A study that tested auriculotherapy as an aid for smoking cessation found that after two months of treatment, 15 people (38.5%) had stopped completely and 24 people had reduced their smoking by more than half. Details of this study are unclear, and more research is needed to confirm these findings.
Ceccherelli F, Tortora P, Nassimbeni C, et al. The therapeutic efficacy of somatic acupuncture is not increased by auriculotherapy: a randomized, blind control study in cervical myofascial pain. Complement Ther Med. 2006 Mar;14(1):47-52.
Electrotherapy Association. .
King CE, Clelland JA, Knowles CJ, et al. Effect of helium-neon laser auriculotherapy on experimental pain threshold. Phys Ther. 1990 Jan;70(1):24-30.
Oleson T. Auriculotherapy stimulation for neuro-rehabilitation. NeuroRehabilitation. 2002;17(1):49-62.
Oleson TD, Kroening RJ, Bresler DE. An experimental evaluation of auricular diagnosis: the somatotopic mapping or musculoskeletal pain at ear acupuncture points. Pain. 1980 Apr;8(2):217-29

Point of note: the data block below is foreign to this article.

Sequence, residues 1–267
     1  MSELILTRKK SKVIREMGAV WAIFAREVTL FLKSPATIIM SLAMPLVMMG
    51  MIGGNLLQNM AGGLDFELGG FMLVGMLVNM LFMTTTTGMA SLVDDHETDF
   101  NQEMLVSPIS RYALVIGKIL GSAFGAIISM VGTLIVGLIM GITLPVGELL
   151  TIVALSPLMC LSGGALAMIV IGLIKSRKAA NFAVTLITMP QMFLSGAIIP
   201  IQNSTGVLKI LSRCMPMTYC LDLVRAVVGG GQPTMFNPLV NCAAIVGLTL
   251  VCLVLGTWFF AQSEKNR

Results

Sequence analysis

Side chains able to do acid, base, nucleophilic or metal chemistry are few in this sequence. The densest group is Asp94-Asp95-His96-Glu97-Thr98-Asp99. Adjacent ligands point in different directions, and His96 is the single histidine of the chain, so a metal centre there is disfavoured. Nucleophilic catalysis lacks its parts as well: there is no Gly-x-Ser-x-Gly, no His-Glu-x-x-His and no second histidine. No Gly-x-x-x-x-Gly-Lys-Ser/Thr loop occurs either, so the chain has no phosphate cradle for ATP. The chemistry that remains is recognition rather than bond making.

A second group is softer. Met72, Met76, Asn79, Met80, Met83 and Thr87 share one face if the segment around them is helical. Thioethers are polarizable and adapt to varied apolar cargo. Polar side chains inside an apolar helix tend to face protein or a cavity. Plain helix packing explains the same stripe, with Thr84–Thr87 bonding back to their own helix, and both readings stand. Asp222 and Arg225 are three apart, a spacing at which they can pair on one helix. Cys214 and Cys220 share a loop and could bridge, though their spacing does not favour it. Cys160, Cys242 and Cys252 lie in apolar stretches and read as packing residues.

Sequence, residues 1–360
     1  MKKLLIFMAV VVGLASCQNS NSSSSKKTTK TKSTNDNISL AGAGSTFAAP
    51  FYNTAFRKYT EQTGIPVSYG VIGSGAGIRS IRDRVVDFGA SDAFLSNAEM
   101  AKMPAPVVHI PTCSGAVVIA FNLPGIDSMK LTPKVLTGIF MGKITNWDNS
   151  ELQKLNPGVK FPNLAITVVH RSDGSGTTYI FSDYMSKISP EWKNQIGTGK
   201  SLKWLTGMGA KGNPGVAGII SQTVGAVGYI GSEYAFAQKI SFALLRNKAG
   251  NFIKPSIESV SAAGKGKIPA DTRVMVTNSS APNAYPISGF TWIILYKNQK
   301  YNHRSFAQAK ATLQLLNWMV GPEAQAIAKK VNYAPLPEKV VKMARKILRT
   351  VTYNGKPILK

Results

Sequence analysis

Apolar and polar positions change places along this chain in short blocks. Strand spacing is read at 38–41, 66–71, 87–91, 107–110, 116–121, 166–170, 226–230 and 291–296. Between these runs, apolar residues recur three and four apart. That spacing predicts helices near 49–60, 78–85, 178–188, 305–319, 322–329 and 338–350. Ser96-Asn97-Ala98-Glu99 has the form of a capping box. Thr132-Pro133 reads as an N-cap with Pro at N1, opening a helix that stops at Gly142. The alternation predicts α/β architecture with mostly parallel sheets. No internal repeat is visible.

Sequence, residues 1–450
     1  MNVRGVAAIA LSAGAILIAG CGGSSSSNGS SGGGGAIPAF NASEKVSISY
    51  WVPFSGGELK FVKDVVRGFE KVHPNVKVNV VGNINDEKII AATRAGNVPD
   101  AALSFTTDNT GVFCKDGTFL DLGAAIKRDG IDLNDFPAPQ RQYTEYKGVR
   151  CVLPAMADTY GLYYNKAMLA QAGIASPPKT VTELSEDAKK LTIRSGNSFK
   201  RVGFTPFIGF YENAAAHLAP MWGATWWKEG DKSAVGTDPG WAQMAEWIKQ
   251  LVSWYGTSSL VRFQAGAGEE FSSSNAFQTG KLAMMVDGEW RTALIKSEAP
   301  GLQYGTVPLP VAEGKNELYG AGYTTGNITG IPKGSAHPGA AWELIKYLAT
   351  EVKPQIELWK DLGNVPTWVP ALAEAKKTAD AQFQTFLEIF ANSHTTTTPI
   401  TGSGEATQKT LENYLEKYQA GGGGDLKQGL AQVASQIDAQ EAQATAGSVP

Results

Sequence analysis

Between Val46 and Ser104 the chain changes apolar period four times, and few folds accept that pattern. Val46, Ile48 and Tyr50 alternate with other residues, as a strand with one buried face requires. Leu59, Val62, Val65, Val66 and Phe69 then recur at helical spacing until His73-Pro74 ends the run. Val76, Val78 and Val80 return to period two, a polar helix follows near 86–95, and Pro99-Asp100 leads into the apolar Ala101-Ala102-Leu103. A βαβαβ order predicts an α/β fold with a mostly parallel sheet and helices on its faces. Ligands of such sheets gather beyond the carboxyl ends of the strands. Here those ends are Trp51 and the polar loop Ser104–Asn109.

Oleson, T. Auriculotherapy Manual: Chinese and Western Systems of Ear Acupuncture. London: Churchill Livingstone. 2002.
During a typical treatment, the practitioner, called an auriculotherapist, takes the complete medical history of the patient. The practitioner often examines the ear for slight variations in coloring, flaking skin, large veins, and other topical irregularities. The ear may also be palpated with the finger or special instruments for patient sensitivity. Treatment focuses on the presenting concern. Sessions may be as brief as 10 minutes or may last as long as an hour. The duration of the therapy varies according to the response of the patient to treatment and the severity of their condition.